“Everything’s ending. And it’s fucking scary.”
So farewell then Skins, which wound to a largely unheralded end on E4 last night. It’s not completely the end – there’ll be a coda of three ‘mini movies’ next year which promise to catch us up with the doings of some of the shows previous characters since they left. But Skins as we know it, the teen drama/comedy composed of hour long episodes which changes its cast every two years, really is over.
When it began, Skins was in many ways a groundbreaking show. Its unconventional approach was to tell a teen drama story with none of the compromises that usually bedevil such a show; swearing was allowed, and sex, and enjoyable, consequence-free drug use. In short, it treated teen drama like adult drama, which was reflected in its late night timeslot.
It also took the unconventional approach of employing actors who really were teenagers, unlike so many US teen dramas where the high schoolers are plainly in their twenties. And it went further, with teen writers added into the mix along with series creators Bryan Elsley and Jamie Brittain. Consistent with its cutting edge ‘yoof’ approach was an aggressive online marketing campaign on the likes of Facebook and Twitter, with the characters receiving their own pages and interacting with the show’s fans.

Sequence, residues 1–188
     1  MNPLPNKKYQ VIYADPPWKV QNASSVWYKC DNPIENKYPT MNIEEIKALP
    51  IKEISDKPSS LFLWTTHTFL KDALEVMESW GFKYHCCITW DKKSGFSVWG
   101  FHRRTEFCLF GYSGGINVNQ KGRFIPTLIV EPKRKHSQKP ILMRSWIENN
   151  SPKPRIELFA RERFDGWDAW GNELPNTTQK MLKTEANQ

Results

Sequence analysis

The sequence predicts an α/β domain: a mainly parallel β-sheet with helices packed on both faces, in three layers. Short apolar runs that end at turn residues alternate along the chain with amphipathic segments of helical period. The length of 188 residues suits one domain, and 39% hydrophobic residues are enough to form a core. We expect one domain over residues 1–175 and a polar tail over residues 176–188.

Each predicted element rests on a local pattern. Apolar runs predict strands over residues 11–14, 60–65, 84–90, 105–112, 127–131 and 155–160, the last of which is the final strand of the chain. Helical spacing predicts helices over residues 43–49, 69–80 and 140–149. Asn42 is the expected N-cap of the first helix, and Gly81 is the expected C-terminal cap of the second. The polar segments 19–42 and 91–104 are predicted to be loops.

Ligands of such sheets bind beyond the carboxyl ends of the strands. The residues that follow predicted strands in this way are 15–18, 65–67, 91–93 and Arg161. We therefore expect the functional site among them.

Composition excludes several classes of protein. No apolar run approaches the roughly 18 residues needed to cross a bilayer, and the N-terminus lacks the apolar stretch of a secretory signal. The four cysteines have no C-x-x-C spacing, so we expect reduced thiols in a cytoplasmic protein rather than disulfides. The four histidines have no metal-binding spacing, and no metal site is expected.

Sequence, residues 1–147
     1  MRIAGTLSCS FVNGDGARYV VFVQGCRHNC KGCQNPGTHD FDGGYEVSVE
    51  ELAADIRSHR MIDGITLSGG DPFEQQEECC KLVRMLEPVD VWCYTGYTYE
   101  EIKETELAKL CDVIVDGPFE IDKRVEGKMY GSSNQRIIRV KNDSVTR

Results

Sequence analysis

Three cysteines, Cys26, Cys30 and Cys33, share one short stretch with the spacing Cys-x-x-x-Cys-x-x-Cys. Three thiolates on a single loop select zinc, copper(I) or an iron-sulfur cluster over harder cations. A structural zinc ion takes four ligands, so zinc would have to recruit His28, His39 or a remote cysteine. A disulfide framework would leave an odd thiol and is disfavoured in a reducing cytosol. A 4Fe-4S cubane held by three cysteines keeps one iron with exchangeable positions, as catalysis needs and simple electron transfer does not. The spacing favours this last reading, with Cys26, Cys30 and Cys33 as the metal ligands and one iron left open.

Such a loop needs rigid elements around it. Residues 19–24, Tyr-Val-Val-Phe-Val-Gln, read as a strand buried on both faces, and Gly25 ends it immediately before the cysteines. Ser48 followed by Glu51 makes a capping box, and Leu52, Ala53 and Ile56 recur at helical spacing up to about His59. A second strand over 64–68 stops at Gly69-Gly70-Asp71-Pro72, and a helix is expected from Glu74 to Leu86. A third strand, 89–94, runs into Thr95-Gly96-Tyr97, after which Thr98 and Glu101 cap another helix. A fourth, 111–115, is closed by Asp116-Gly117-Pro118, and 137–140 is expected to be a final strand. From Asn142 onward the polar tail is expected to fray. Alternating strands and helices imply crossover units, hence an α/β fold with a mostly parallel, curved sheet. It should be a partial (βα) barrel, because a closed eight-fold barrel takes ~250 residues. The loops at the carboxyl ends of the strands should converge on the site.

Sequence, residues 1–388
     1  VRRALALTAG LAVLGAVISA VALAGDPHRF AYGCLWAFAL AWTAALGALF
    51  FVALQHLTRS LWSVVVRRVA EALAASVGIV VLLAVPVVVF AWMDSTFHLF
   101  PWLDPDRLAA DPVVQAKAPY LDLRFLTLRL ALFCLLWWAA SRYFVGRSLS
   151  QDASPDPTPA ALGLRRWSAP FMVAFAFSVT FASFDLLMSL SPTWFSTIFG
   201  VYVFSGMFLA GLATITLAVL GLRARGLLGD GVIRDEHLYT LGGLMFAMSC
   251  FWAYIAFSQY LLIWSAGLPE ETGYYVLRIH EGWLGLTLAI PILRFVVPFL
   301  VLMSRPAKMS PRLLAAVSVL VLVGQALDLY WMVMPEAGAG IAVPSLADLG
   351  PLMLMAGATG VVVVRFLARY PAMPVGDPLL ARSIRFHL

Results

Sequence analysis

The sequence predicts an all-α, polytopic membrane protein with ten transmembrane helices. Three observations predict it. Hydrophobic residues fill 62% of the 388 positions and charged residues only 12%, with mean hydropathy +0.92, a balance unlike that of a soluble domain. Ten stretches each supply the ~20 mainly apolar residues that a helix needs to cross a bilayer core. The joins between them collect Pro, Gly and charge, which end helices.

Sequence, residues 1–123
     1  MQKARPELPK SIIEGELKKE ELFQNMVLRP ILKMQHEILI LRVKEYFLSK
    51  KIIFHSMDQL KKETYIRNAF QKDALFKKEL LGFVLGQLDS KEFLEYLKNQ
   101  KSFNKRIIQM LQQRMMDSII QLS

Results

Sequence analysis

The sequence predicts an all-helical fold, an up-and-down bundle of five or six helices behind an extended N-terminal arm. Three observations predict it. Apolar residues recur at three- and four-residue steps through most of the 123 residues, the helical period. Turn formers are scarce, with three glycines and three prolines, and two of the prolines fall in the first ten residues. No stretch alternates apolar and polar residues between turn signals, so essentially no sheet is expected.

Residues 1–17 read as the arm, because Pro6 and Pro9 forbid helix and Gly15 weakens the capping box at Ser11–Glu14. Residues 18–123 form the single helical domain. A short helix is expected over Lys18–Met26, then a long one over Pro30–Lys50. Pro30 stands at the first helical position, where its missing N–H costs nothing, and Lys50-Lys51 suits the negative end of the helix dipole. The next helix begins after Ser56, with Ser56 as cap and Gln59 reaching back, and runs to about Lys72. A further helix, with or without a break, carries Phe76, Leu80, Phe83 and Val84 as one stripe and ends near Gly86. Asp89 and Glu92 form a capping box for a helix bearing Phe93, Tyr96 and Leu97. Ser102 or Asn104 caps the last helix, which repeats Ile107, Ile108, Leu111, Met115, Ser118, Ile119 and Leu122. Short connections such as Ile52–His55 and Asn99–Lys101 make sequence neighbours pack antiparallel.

It seems old hat now, but back in 2007 this all felt startlingly fresh. The result was a teen drama (with a lot of comedy) that purported to be a truly realistic depiction of what modern teenagers get up to. In this it did itself something of a disservice; given that episode one featured the gang trashing a posh house party, stealing a Mercedes and then crashing it into a river causing the loss of a huge bag of weed, it’s fair to say that its portrayal of teenage life was more than a little exaggerated.
This aspect of the show has always polarised opinion among viewers, whether they be teens or not. Some (noticeably those from large cities) tend to say, “yes, things like that have happened to me”, while others (seemingly from suburban and provincial towns) think it’s glamorised wish fulfilment. A common criticism in latter years has been that teen comedy The Inbetweeners, with its hopelessly awkward quartet of teenage boys, was a far more accurate representation of teenage life past and present than Skins with its impossibly good looking cast, hedonistic sexuality and mad, drug-fuelled parties.